Online Privacy

Online Privacy for an Average Internet Users

Ever since the recent scandals of Cambridge Analytica and Facebook surfaced, almost all mainstream social media platforms have come clean about their privacy policies.

Call it irony but it has opened up a new realm of information for an average user.

For instance, take social media for an example, ever since Facebook got scrutinized in the parliament, they have added an option in their applications that allow users to view exactly what data Facebook gathers about them.

From phone calls to texts to the thing we like or dislike, social media apps are gathering it all without us even being aware of it.

Shockingly enough, you’d be surprised to see what level of information an average user like you and I are sharing online.

Let’s face it, we can go hardly five minutes without looking at our phones and the next thing we know, we’re back online clinging to social media.

Now don’t get me wrong, I love being online as much as the next person. However, I hate the fact that so much of our private information is up for grabs online.

Privacy Paradox

Privacy Paradox tech

Despite being foolishly aware that data mining giants are constantly gathering data about us, we still feel the need to share our thoughts, opinions and our personal preferences.


According to researchers, it’s called privacy paradox. We subconsciously share our information because we feel that our actions won’t have any consequences in the future.

While most online users fall for this delusional notion, tech companies use our indecisive decisions to gather more and more information about us.

Whether you believe it or not it’s the truth.

Apps turning a friend to foes

Traditionally, if you found your email address or your phone number floating around on the web, you would either blame yourself or the choices you made right?

However, the idea of private data sharing has changed over the years. Nowadays apps and most websites are designed to siphon data about you and the people that you know.

Don’t know what I’m talking about?

When was the last time you participated in a giveaway on YouTube or Instagram? I’m willing to bet almost every giveaway must have asked you to either tag a friend or provide their emails.

That’s how easy it is nowadays to give up your friend’s information.

Need more proof?

Perhaps a research conducted by the National Bureau of Economic Research should be enough to convince you.

According to the research, almost 98% of students at MIT were willing to spill out their friend’s email address in exchange for free pizza.

If you ask me, this is quite alarming.

It’s not your fault

Online Privacy

Let’s face it, no one really ever reads a privacy policy. In fact, we pretty much hit “agree” without giving it a second thought.

What’s worst, we don’t even pay attention to the permissions our smartphone apps ask.

Although these are rookie moves, you are not to be blamed.

If app makers or people compiling privacy policies would just make things a bit clearer, a bit more specific, I bet none of us would ever agree to their terms and conditions.

Allow me to elaborate on what I’m saying.

If I vaguely request to take some data from your phone right now, you would most likely say “yes”. However, if I specifically asked to copy your contacts library or photos, you would straight up decline my request.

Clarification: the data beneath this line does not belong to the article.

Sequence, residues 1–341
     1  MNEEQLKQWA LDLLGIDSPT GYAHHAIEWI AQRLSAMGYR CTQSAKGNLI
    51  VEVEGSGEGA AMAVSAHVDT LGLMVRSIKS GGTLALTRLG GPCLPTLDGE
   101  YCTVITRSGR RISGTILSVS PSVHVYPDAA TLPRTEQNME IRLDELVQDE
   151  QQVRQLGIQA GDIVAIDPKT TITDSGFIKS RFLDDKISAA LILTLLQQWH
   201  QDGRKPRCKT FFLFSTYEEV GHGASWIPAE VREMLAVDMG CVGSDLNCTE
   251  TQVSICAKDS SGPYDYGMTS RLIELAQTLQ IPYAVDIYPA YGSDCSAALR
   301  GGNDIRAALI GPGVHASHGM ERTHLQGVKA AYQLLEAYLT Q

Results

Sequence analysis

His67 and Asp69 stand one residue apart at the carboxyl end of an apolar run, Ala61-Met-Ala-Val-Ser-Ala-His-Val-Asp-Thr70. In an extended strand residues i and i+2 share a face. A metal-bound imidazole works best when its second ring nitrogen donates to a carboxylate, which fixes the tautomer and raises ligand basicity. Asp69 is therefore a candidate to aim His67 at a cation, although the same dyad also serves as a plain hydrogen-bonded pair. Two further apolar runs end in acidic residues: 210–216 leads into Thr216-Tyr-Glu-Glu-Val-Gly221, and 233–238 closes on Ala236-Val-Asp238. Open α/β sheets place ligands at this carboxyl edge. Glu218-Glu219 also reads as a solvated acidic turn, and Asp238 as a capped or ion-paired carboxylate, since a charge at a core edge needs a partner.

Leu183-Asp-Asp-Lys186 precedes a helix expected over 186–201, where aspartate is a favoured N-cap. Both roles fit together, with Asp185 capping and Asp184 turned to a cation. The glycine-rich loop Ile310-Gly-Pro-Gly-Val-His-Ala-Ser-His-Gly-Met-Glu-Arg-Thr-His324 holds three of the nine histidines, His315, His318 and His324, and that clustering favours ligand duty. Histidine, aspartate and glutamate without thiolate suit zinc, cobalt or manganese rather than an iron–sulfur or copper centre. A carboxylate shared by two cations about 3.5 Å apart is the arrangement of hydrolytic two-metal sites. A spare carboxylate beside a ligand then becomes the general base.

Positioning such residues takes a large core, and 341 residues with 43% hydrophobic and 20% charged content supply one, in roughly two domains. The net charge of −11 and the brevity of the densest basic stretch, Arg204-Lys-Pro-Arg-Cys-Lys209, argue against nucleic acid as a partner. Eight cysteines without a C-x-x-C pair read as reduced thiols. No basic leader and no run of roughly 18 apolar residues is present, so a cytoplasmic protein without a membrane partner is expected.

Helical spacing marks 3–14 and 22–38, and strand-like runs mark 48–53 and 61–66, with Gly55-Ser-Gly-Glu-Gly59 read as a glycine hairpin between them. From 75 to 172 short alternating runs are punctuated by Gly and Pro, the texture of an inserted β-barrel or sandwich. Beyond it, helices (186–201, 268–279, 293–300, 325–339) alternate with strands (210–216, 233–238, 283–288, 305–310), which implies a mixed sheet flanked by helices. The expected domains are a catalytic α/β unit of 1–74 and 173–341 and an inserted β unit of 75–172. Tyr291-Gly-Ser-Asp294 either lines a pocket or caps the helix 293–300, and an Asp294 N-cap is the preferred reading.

My point is:

The awful reality of consent agreements become much more apparent when you make them more specific.

What can we do?

By now you must be super paranoid and I don’t blame you.

So what exactly can you do to secure your online privacy? Well…reading up privacy policies won’t do you any good.

In fact, according to one estimation, it would nearly take 75 hours every year to read up all the privacy policies and agreements we get.

My advice, skip all the crap and focus on what really matters.

Encrypted Tools

Like I said, your data is pretty much insecure. It’s high time that you invest in encrypted tools like dedicated IP VPN, or just use social media apps that use end to end encryption. Because who knows who might be looking to cash in on your data.

Complex Passwords

Complex Passwords

For instance, use complex passwords. Don’t use your name and for god’s sake don’t use easy to guess passwords like 123456.

Use two-factor authentication if possible or just use a secure and reliable password manager to create a unique password for all your accounts.

Revisit your App Permissions

Since we’re constantly hooked to our phones, it’s often a good idea to recheck app permissions. For instance, why would a simple alarm application need permission to access your microphone or a note application needing access to your location?

Doesn’t make sense right?

My Two Cents!

The Internet is free right? And most of the apps we use are free too. You might have heard of a popular saying “If You’re Not Paying for it, you’re the Product”.

In my experience I find this expression to be 100% accurate. No matter what site we use, what social media apps we use, we’re constantly being tracked and our data being used to generate revenue.

Sadly that’s the harsh reality we live in now.

The silver lining:

Thanks to the uproar caused by recent privacy scandals, more and more people especially millennials are recognizing that their idea of free digital services is nothing more than an illusion.

The price we pay for such services is not only our own online privacy, but also the privacy of our friends, and loved ones.

You can also learn about other cunning ways to foolproof your online privacy at

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